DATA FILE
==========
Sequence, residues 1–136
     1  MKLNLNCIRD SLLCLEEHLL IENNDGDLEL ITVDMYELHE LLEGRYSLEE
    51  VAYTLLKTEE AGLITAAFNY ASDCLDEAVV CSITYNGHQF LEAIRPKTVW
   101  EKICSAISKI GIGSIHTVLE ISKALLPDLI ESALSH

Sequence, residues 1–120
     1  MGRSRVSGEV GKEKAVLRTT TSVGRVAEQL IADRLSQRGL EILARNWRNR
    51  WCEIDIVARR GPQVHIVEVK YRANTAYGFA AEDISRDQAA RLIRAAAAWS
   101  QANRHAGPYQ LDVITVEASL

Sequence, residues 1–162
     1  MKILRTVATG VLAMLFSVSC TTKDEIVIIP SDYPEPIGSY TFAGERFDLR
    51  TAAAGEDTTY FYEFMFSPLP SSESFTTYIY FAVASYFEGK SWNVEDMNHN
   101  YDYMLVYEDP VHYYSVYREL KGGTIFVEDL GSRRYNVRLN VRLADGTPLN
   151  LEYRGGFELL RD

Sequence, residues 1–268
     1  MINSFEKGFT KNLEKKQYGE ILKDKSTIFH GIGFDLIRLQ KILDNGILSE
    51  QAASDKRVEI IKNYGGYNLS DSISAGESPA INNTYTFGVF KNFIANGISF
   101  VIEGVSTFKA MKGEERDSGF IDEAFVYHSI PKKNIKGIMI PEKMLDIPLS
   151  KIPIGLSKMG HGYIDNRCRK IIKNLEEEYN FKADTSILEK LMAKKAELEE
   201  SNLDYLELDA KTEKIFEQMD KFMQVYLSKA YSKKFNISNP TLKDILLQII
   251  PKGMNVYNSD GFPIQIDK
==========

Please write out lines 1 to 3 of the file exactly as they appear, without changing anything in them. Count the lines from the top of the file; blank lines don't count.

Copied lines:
Sequence, residues 1–136
     1  MKLNLNCIRD SLLCLEEHLL IENNDGDLEL ITVDMYELHE LLEGRYSLEE
    51  VAYTLLKTEE AGLITAAFNY ASDCLDEAVV CSITYNGHQF LEAIRPKTVW